Honda speaks on Social Security at Gavilan College

Gilroy
– Amidst a largely like-minded crowd of Democrats and liberals,
Congressman Mike Honda (D-San Jose) tangled with a few proponents
of one of the most controversial items on President Bush’s domestic
agenda – allowing workers to divert Social Security payments to
private investment accounts.
Gilroy – Amidst a largely like-minded crowd of Democrats and liberals, Congressman Mike Honda (D-San Jose) tangled with a few proponents of one of the most controversial items on President Bush’s domestic agenda – allowing workers to divert Social Security payments to private investment accounts.

Speaking before a crowd of about 25 people at Gavilan College Wednesday night, Honda numbered Social Security as “one of three contracts our government has put together with our people. … There’s a sense that we have a responsibility to the greater good in terms of contracts that we’ve made.”

Each year the program doles out monthly income to 48 million people. In addition to helping retirees, it also provides income assistance to a pool of 16 million citizens that includes disabled people and families that lose a primary income-earner.

A few proponents of privatization criticized the Social Security system for not offering the same rate of return as private investment accounts.

“I consider Social Security a poor return,” one Gavilan employee said. “What I’m guaranteed is not to be poor.”

“It’s not supposed to make you rich,” Honda replied. “You’re guaranteed not to be in poverty. It’s not a pension plan.”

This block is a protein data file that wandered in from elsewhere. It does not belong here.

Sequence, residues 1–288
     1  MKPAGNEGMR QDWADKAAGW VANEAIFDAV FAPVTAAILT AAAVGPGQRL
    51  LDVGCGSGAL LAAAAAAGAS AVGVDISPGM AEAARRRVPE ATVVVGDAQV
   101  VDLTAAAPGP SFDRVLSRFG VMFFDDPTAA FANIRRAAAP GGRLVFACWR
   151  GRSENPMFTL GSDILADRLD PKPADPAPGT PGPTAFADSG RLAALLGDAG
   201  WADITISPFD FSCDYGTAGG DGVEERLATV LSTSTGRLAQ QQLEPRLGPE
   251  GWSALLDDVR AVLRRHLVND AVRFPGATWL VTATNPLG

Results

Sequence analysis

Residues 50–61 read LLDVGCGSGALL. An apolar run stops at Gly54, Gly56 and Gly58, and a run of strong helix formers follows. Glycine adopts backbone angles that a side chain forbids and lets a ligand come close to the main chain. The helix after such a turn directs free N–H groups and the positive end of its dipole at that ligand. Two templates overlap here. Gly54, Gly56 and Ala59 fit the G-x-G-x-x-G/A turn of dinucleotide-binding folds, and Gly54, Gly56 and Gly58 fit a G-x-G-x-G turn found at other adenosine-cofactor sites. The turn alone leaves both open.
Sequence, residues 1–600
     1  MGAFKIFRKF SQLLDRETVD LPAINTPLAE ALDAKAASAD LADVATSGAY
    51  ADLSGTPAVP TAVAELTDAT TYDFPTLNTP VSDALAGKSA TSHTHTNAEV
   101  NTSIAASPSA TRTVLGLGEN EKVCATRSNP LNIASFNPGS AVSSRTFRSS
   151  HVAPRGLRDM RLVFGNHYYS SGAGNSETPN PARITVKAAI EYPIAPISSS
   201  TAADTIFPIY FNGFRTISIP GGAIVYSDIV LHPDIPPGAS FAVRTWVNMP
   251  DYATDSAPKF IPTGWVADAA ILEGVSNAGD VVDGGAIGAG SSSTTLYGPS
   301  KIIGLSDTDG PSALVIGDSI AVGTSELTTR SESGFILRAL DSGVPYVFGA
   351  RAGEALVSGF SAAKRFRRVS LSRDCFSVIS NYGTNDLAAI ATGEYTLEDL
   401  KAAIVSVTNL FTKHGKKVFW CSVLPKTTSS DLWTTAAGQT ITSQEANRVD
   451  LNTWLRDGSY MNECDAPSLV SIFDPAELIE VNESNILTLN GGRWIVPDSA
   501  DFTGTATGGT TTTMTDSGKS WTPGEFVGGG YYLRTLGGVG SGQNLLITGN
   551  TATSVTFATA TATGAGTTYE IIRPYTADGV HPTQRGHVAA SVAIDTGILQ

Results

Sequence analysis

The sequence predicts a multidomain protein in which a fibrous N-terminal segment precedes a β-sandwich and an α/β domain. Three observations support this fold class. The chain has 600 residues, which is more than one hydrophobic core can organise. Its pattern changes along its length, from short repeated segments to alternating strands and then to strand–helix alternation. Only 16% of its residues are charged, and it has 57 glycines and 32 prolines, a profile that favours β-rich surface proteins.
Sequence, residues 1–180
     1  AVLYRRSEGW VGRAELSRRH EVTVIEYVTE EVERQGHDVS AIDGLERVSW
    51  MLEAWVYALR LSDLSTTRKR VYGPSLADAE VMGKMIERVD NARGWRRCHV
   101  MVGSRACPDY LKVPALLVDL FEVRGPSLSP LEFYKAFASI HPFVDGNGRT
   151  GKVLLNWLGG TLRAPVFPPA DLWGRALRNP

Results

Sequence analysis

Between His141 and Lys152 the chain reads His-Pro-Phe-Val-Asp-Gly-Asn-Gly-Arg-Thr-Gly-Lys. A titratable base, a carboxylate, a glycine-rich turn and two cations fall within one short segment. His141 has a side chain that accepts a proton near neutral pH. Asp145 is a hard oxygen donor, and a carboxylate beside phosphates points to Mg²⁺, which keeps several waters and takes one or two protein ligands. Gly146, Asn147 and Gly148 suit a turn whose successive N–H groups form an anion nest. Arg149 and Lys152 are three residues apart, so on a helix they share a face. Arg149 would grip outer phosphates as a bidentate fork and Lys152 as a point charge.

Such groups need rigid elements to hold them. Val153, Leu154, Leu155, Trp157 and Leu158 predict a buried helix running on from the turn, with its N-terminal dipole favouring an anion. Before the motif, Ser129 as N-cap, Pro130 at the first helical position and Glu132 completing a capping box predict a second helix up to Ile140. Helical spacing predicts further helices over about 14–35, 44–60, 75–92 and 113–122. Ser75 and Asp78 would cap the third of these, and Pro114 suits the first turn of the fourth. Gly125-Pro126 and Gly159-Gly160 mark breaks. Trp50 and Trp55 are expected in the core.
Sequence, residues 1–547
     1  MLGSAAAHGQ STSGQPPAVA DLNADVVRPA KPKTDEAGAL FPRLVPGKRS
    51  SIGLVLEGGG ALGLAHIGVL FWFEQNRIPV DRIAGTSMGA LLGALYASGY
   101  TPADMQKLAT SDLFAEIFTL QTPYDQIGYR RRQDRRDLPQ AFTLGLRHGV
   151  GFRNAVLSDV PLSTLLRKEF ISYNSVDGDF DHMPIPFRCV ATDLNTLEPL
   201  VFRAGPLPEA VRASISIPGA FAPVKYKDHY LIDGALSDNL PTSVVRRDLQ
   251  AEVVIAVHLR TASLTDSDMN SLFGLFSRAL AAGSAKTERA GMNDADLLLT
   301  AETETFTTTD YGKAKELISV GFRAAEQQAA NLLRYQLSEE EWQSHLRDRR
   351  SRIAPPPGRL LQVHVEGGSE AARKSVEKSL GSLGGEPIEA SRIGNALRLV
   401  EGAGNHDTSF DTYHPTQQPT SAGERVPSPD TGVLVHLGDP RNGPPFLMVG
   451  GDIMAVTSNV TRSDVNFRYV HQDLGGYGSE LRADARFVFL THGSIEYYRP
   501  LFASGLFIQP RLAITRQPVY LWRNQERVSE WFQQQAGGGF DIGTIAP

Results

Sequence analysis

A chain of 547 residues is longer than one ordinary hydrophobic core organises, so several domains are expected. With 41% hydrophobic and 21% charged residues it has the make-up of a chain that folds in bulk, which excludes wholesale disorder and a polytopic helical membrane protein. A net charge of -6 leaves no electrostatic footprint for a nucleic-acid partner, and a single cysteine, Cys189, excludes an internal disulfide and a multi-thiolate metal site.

Roy Aragon, a retired Social Security Administration official, joined Honda in trying to demystify the crisis atmosphere surrounding the social safety net.

Aragon dismissed claims that the system is headed toward bankruptcy, pointing instead to several dates that mark points of potential trouble. The first date of concern is 2018, when payouts under the Social Security system are expected to exceed incoming revenues.

At that point, the system will have to draw on its trust fund, or surplus, to fully fund payments to beneficiaries. In the absence of a long-term fix, the system is expected to run out of surplus funds by 2042, the second important date. At that point, Social Security will only have enough funds to pay 70 percent of benefits.

According to Aragon and Honda, saving the system requires increasing the income cap (currently only the first $90,000 of income is subject to Social Security taxes), increasing the retirement age, or borrowing money – an option that becomes increasingly difficult given current debt levels.

Honda said the Bush privatization plan seeks to balance the system by adjusting one piece of the formula used to calculate benefits.

Currently, payments under Social Security are indexed to wages – meaning payouts grow in step with real increases in living costs. The president’s plan would switch the index to inflation, which typically rises at a slower pace than wages, according to Aragon. The plan effectively amounts to a reduction in returns.

John Perez, a resident and local dentist, drew on the words of a Mexican guerilla in a book titled Los De Abajo, or The Underdog, to describe the average citizen’s experience of the Social Security debate .

“Sometimes we feel like one of these leaves in the whirlwind,” he said, invoking the guerilla’s description of the revolution. “None of us have control over it. And the purpose is to create this wedge in the electorate and reduce the formula.”

At the heart of the debate, Honda said, lies a clash in ideology, where Republicans believe taxes are “their money” and Democrats believe it is “our money.”

“There is a ‘me’ also,” Honda acknowledged of his party’s positions. “But the ‘us’ in a lot of cases is more important.”

Congressman Honda will host a panel discussion on electronic voting April 4 at Santa Clara University. To learn more, call his office 408-558-8085.

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